Wednesday, January 30, 2013

The Hazel Effect, or A Bar Set High: Meet Lisa!

An Inquiry-Based Approach to Reading about and Engaging with Science

Allow me to introduce Lisa, science reporter fantastique!  Needless to say, our Lisa wants to be a TV news anchor.  Her video is used with permission:

The school where I work when I am not the School District's teacher-librarian mentor is not at the top of the city's academic rankings; we are fairly consistent in our performance with a number of secondary schools on the East Side of the city.  You would never know this if you judged our school by the results of a Google search of Chemistry 12 inquiry youtube because what you find are a plethora of erudite young "scientists" who, when advised NOT to use scholarly journals for the assignment because they are too hard and written for a very particular research community -- well, they simply ignored the warning.  In fact, these students were very clear: they wanted to do exactly what Hazel had done!  The key to their success seemed paradoxically to be to say, "Don't do this!  It's really hard!"

You may remember my blog post that featured Hazel and her brilliant chat about US FDA research to remove the allergenic properties of peanut butter in order to enable her peanut-deprived teacher, the "unfortunate Mr Leung," to experience the joy of a daily PB sandwich.  This amazingly well-informed, scripted, and presented "science chat" has had a mini-viral impact within and beyond our Vancouver secondary schools.  Hazel's video is used, with permission, as an exemplar and has spurred others to create similar chats.  We have even had the opportunity to share "said" remarkable video with a national audience (The National Reading Summit, Vancouver, May 2012) at the invitation of BC's new Reading Superintendent Maureen Dockendorf.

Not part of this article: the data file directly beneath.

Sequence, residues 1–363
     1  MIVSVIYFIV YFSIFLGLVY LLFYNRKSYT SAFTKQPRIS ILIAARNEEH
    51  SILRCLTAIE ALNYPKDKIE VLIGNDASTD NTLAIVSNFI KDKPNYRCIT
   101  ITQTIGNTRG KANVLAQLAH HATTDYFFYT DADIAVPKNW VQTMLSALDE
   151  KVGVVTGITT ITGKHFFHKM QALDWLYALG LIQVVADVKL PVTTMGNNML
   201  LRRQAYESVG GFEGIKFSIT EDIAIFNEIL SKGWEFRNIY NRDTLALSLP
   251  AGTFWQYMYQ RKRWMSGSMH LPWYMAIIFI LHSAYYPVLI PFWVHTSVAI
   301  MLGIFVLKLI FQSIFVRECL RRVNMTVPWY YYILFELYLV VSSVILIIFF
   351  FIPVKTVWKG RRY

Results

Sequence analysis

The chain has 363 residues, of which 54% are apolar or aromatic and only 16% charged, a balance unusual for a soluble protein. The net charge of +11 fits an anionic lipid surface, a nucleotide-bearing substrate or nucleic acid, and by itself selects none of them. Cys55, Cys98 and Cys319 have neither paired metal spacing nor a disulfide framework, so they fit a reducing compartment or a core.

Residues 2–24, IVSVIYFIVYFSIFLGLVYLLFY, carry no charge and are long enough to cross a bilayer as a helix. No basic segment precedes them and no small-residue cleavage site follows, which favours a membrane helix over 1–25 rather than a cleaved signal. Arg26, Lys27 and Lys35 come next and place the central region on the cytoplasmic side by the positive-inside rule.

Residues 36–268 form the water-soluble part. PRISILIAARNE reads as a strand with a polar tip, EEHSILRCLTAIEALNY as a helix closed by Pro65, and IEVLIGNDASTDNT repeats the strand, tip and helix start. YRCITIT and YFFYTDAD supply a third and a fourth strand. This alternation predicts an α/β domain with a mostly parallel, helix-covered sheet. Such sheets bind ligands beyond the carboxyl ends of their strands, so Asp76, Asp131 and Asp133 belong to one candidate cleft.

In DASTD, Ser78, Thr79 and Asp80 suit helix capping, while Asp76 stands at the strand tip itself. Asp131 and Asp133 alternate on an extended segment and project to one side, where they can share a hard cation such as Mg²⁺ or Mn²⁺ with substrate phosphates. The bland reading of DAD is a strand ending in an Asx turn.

Hazel is a powerful exemplar for the use of models to set the bar for learning.  She loved coming to help this year's Chemistry 12 class engage with this assignment: use an academic database to find a current magazine or journal article that explores a new development in chemistry (or biology or psychology or other senior academic disciplines) and prepare a three-minute talk using a Web 2.0 presentation tool to be shared with classmates.  The point is, beyond offering opportunities for students to become more scientifically literate, they need more chances to be able to find, read, engage with, practice, and talk about content-area themes or topics with polish and enthusiasm.

Our Lisa is another brilliant bar-setter!  

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